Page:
That has been the reality for Caster Semenya, a South African Olympic champion, who has been at the center of the latest gender discrimination debate across the world. After crushing her competition in the women's 800-meter dash in 2016, Semenya was subjected to scrutiny from her peers based upon her physical appearance, calling her gender into question. Despite setting a new national record for South Africa and attaining the title of fifth fastest woman in Olympic history, Semenya's success was quickly brushed aside as she became a spectacle for all the wrong reasons.
Semenya's gender became a hot topic among reporters as the Olympic champion was subjected to sex testing by the International Association of Athletics Federations (IAAF). According to Ruth Padawer from the New York Times, Semenya was forced to undergo relentless examination by gender experts to determine whether or not she was woman enough to compete as one. While the IAAF has never released the results of their testing, that did not stop the media from making irreverent speculations about the athlete's gender.
Moments after winning the Berlin World Athletics Championship in 2009, Semenya was faced with immediate backlash from fellow runners. Elisa Cusma who suffered a whopping defeat after finishing in sixth place, felt as though Semenya was too masculine to compete in a women's race. Cusma stated, "These kind of people should not run with us. For me, she is not a woman. She's a man." While her statement proved insensitive enough, her perspective was acknowledged and appeared to be a mutually belief among the other white female competitors.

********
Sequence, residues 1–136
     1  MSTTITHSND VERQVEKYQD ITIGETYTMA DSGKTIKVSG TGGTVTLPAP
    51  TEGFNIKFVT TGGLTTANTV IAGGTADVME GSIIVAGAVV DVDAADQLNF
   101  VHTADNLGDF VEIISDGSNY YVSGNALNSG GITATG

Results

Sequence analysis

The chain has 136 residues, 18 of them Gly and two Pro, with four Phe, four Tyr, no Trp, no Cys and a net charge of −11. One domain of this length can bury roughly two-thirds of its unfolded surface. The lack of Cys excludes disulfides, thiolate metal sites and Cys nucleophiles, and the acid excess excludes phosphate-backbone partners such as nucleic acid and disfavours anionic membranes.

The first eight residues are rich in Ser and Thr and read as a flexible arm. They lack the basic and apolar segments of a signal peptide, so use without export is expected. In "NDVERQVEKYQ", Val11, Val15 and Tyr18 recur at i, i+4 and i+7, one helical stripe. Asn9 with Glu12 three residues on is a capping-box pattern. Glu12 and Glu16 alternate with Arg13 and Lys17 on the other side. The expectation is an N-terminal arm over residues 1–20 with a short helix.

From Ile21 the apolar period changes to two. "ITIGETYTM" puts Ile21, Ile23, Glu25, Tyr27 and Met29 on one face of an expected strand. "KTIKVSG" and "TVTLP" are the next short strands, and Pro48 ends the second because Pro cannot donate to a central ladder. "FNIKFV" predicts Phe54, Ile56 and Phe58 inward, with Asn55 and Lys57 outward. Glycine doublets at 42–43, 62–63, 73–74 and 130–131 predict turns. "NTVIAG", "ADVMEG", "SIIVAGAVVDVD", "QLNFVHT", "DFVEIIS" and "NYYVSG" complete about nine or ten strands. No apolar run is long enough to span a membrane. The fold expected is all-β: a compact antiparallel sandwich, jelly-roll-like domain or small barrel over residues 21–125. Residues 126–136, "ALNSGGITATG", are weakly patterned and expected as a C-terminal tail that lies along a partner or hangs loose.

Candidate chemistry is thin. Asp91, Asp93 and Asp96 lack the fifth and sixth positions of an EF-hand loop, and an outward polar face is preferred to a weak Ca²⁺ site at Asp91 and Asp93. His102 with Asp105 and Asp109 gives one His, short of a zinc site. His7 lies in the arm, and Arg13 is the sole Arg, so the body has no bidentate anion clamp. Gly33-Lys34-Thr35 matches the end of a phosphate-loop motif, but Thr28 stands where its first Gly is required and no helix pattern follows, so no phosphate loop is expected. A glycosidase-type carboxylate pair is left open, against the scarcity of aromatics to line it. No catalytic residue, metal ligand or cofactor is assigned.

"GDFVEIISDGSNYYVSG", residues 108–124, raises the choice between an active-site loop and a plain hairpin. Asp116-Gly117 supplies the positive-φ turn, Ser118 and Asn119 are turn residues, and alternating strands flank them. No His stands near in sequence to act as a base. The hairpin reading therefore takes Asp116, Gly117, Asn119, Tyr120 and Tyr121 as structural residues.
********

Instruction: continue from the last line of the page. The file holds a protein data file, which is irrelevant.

Fast forward to 2018, the IAAF issued new Eligibility Regulations for Female Classification (Athlete with Differences of Sexual Development) that apply to events from 400m to the mile, including 400m hurdles races, 800m, and 1500m. The regulations created by the IAAF state that an athlete must be recognized at law as either female or intersex, she must reduce her testosterone level to below 5 nmol/L continuously for the duration of six months, and she must maintain her testosterone levels to remain below 5 nmol/L during and after competing so long as she wishes to be eligible to compete in any future events. It is believed that these new rules have been put into effect to specifically target Semenya given her history of being the most recent athlete to face this sort of discrimination.
With these regulations put into effect, in combination with the lack of information about whether or not Semenya is biologically a female of male, society has seemed to come to the conclusion that Semenya is intersex, meaning she was born with any variation of characteristics, chromosomes, gonads, sex hormones, or genitals. After her initial testing, there had been alleged leaks to media outlets such as Australia's Daily Telegraph newspaper which stated that Semenya's results proved that her testosterone levels were too high. This information, while not credible, has been widely accepted as fact. Whether or not Semenya is intersex, society appears to be missing the point that no one is entitled to this information. Running off their newfound acceptance that the Olympic champion is intersex, it calls into question whether her elevated levels of testosterone makes her a man.